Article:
By Yusra Husain: Rajni’s voice cracks as she tells how at one point, between her husband’s kicks and punches and the verbal lashings from her mother-in-law, her confidence fell so low that she was afraid to leave the house.
The 28-year-old’s marriage with Chetram began falling apart after two-three months when her parents gave the dowry for their only daughter. Soon the mother-in-law started to incite her son against Rajni. The mother-in-law taunted and rebuked her daily, while pushing Chetram to get another wife. He had not just one, but two extra marital affairs with high earning women. Rajni found out when she answered a call from one of the girlfriends. When Rajni confronted him, he beat her until she had bruises everywhere. More beatings ensued every time his affairs came up. Being punched and kicked became an everyday ordeal.
She eventually fled with their infant daughter, seeking refuge at her parents’ for a month. When Chetram was in Agra, she returned and had to call the police to get past her mother-in-law and enter the house. The incident infuriated Chetram, who unleashed all his wrath, he bashed her up before filing for a divorce. When Sarita Kanojia, Counsellor with AROH Foundation (an NGO working for women) met Rajni at the office of Crime Against Women, or CAW, one of her cheeks was swollen and her husband had left scratch marks on the inside of her other bruised cheek.
She was limping and visibly in deep physical and mental pain, Kanojia recalls. Rajni has since started taking art and crafts classes and plans to takes more courses she can support her child. She and her daughter are now on their own, but near her husband and her mother-in-law’s prying eyes.
“It would be very difficult for me to accept him back. The shock and grief of one was hard to bear, now there are two,” Rajni says, referring to her husband’s adultery.
As many as 44% of women were victims of cruelty by husbands and relatives in 2010, according to Delhi Police statistics. Police are trying to reduce that number with “Parivartan,” a campaign whose name means “Change” in English. Under the campaign, women constables work for the safety of other women prominently of the slum areas.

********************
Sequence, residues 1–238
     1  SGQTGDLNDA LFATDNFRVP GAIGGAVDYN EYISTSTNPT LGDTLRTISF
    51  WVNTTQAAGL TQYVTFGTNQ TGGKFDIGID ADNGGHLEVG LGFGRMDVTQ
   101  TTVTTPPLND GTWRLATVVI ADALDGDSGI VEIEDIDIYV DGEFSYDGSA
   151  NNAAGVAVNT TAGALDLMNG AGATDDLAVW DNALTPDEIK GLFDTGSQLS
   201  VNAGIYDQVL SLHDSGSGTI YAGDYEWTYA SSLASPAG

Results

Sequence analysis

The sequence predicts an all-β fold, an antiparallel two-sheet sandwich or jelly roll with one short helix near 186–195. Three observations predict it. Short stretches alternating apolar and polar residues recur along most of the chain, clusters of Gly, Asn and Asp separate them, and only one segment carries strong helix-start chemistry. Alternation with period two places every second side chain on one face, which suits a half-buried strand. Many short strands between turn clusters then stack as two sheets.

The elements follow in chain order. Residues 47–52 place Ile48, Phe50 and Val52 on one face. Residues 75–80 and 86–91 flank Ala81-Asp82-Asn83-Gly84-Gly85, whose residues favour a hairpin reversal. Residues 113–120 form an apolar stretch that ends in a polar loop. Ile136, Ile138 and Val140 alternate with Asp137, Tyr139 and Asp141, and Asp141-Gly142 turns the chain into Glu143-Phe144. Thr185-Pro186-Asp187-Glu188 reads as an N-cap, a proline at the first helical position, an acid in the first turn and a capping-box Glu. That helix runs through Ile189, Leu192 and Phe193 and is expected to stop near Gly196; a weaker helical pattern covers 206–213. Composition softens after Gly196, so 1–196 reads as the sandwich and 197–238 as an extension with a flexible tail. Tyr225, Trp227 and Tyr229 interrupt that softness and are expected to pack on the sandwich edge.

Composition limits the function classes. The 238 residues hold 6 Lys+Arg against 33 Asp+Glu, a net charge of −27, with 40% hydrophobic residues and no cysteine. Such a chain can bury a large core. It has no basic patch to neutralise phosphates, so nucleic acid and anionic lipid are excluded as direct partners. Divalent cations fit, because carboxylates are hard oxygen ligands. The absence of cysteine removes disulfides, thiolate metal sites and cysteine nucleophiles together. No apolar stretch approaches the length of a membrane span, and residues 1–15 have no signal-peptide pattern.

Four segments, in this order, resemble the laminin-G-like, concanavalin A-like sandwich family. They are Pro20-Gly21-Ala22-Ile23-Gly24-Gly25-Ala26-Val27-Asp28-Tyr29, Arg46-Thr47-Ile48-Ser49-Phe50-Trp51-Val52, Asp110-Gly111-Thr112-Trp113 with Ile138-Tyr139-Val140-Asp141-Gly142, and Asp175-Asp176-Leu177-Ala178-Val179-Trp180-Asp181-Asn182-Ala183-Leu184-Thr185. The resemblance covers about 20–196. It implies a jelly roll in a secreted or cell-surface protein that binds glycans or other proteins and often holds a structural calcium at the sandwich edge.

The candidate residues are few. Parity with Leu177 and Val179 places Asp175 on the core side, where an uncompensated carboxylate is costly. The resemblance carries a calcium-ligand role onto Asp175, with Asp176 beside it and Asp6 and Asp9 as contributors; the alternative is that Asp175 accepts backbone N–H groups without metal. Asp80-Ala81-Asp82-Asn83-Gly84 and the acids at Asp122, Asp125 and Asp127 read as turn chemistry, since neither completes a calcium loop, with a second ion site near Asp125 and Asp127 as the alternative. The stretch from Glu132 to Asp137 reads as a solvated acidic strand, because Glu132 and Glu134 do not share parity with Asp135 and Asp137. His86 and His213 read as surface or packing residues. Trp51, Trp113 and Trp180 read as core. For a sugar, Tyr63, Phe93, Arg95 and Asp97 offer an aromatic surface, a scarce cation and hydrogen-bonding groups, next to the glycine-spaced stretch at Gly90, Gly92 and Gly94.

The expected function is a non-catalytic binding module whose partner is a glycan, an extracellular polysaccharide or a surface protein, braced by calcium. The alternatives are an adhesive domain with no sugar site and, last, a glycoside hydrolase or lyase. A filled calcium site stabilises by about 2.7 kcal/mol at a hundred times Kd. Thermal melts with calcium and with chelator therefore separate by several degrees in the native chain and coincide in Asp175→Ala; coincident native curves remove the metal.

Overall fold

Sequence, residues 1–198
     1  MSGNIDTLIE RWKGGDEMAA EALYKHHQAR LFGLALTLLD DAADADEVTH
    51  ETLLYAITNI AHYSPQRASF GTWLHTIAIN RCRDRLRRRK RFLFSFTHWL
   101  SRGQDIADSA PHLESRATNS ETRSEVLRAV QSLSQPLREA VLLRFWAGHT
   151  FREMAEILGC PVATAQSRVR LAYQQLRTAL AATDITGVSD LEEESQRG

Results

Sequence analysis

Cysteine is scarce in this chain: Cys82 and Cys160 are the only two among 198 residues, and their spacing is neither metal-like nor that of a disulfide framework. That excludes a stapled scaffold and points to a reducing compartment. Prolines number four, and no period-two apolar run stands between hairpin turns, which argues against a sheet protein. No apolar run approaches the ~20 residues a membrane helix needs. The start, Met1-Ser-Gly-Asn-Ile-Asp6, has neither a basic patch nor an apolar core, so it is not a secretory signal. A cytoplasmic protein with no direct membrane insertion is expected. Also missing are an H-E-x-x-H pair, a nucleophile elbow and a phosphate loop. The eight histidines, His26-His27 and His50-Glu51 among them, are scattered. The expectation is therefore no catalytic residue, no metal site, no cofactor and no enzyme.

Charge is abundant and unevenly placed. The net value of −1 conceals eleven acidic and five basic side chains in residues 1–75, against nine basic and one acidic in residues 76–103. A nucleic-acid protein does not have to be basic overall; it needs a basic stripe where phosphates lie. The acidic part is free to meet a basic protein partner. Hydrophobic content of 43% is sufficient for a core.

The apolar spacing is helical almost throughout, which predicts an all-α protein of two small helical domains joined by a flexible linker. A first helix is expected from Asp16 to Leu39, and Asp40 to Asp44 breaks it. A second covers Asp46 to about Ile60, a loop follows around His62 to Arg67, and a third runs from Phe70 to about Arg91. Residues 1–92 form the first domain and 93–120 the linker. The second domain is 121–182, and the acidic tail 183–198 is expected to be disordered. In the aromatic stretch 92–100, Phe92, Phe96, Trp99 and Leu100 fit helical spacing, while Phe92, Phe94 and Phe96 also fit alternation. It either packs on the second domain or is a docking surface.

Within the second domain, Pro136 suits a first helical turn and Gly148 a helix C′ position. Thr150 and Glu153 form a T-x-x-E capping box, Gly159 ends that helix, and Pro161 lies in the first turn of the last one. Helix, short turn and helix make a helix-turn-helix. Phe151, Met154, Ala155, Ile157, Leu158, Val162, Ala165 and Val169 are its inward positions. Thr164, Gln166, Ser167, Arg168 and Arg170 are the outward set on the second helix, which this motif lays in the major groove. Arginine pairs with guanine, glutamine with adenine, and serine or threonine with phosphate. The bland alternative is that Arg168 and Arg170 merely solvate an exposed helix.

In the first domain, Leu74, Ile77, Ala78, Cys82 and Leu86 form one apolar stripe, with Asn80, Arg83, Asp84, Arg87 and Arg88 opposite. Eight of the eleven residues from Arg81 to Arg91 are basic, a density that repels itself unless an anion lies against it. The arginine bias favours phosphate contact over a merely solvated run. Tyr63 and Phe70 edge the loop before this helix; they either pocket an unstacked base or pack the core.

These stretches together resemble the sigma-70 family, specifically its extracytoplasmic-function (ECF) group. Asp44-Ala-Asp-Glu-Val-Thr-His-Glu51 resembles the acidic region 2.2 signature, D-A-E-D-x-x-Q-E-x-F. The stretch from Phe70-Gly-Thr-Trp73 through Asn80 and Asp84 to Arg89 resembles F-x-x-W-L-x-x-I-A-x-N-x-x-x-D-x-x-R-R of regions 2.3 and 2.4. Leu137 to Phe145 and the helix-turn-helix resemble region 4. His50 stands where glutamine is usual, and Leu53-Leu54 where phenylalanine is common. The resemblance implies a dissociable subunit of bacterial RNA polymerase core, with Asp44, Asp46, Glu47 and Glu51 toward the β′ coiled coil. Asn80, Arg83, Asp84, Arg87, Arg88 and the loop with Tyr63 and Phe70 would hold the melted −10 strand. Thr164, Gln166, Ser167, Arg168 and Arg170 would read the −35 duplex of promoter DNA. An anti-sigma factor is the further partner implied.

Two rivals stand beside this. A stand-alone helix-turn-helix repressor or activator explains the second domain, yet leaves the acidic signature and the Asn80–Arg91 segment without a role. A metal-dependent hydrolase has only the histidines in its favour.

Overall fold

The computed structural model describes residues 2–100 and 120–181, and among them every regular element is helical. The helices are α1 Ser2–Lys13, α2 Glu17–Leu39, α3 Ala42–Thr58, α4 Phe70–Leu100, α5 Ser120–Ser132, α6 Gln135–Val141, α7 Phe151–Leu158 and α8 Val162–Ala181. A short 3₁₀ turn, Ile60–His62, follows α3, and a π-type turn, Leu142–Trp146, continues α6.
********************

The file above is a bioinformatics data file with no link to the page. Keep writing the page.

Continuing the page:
Dressed in a cotton khaki salwar kameez uniform, 35-year-old Head Constable Rajrani from ‘Parivartan’ is on her way to visit a slum in north-west Delhi. Listening to cases of domestic violence, sexual abuse and molestation, rape, dowry and domestic brawls has been her everyday routine since 2007.
“Counselling sessions by police personnel and various NGOs working for women are taken up to make the victims and victimisers both understand the repercussions,” Rajrani says.
Rajrani is one of the 56 female constables working under “Parivartan.” The campaign helps women in the slums deal with alcoholic husbands, domestic violence, sexual abuse, harassment, molestation, abduction, kidnapping, rape and all other forms of crime against women.
Most of these cases go unreported and unchallenged where the women are scared of the stigma they might have to face or they step down for their children. Women at society’s lower levels are much more vulnerable to abuse and need to be protected even more, according to police.
“Being a police constable, it is my duty to help people, listen to their troubles and issues. Working with and for women is not a difficult task for us. Ever since I joined the police in 1996, I have been doing such work even when I am deployed at a police station,” she says.
Rajni is a victim of not just physical abuse but also mental trauma. The fact that Chetram carries a suicide note with him to blackmail Rajni is just another keyhole view to her traumatic life. “I apologise to my daughter innumerable times a day for bringing her into a world where she has such a man for a father.”
Many other victims share Rajni’s case of domestic apathy and violence. “Jiss shaadi mai vishwas nahi laalach tha, wo shaadi kaisi?”(The marriage that was based on greed and not trust, was it even a marriage?) Rajni says.
Where words fail, Parivartan uses pantomime shows, performances using expressions, gestures and body movements without dialogue in addition to motivational and awareness films, self defence programmes, street plays on social ills and other confidence building mechanisms in an attempt to help them.
The pantomime shows in various slums deal with three basic areas. ‘Ram Kali ki kahani’ on domestic violence against women, drug abuse and prevention, and ‘Hadsa’ on rape and sexual harassment are the most performed shows. As many as 489 performances were conducted over 35 months and the show is still going on.
Even though they are surrounded by negativity and societal ills all around, these women constables take it as a challenge.
“Just as a teacher listens and trains her students no matter how difficult they are, or the challenges that a judge or lawyer faces when confronted by criminals, we too try and make the slum dwellers understand their rights,” Rajrani says. “In return, we gain knowledge and experience. We do not let the negativity creep into our lives. We see both the good and bad.”
‘Parivartan’ was launched to create awareness, to protect women. “Women and children are most vulnerable in slum areas. Frequently exploited by all known persons such as relatives and neighbours, these women need to know about their strengths,” says Dr. P. Karunakaran, Deputy Commissioner of Police, North West District, Delhi.
Police personnel like Rajrani are working hard to protect victims such as Rajni.